On 7 December, 1941, America experienced one of the most humiliating military catastrophes in its history. Japanese air and naval forces would destroy over 300 American aircraft, as well as 20 vessels, and over 2,500 American military personnel as well as civilians would be killed.
That day is marked with many heroic stories, but perhaps none so striking as that of Doris ‘Dorrie’ Miller. Miller, an African-American native of Texas, was aboard the USS West Virginia, when it was hit. He not only moved many wounded sailors to safety, at great risk to his own, but also assumed the duties of a gunner of a ship board Anti-Aircraft Battery. This came as a surprise to a Lieutenant who had lead him to the unmanned weapon, hoping Miller would assist him with loading ammunition, but after being distracted, the Lieutenant turned back to find Miller operating the weapon and downing attacking enemy aircraft while under fire and as the ship burned.
The next day, President Franklin Roosevelt, addressed a joint session of Congress, and illustrated to the American people the wickedness of the actions of the Empire of Japan and the nature of the total war in which America now found itself. He said in part, “It will be recorded that the distance of Hawaii from Japan makes it obvious that the attack was deliberately planned many days or even weeks ago. During the intervening time, the Japanese government has deliberately sought to deceive the United States by false statements and expressions of hope for continued peace. Yesterday, the Japanese government also launched an attack against Malaya. Last night, Japanese forces attacked Hong Kong. Last night, Japanese forces attacked Guam. Last night, Japanese forces attacked the Philippine Islands. Last night, the Japanese attacked Wake Island. And this morning, the Japanese attacked Midway Island. Japan has, therefore, undertaken a surprise offensive extending throughout the Pacific area.”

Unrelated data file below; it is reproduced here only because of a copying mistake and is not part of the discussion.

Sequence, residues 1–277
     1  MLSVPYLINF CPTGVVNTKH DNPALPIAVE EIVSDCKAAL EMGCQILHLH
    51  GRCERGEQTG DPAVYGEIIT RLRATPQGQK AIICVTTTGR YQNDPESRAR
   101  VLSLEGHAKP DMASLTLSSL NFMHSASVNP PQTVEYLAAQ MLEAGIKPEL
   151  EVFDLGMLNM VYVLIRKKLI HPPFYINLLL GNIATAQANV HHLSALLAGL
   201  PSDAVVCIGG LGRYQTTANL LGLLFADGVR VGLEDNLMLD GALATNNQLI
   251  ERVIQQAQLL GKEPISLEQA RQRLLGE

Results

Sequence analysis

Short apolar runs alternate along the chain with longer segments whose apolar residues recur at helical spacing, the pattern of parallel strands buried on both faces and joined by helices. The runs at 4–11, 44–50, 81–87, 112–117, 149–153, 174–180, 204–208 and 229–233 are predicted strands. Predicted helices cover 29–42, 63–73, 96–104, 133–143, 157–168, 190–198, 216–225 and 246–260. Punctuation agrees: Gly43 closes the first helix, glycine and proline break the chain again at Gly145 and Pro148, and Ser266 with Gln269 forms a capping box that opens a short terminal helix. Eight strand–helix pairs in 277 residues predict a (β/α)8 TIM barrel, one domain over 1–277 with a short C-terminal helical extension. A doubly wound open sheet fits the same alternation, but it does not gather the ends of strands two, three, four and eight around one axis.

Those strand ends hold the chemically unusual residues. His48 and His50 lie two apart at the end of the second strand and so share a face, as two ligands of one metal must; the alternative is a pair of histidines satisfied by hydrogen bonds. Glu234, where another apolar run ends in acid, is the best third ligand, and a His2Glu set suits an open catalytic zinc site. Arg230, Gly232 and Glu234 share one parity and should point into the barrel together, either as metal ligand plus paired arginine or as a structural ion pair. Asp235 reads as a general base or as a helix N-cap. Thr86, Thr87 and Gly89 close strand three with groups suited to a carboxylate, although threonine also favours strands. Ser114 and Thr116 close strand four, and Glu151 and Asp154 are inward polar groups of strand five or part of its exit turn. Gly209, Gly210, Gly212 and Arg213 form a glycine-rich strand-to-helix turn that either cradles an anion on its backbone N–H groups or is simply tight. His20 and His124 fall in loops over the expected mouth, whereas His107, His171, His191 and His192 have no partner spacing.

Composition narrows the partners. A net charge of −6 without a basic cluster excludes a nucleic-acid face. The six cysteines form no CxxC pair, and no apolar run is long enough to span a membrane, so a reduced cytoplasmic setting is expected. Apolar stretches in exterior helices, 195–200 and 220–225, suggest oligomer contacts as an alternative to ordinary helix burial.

On 2 September, 1945 aboard the battleship Missouri, General Douglas MacArthur would accept the surrender of Japanese.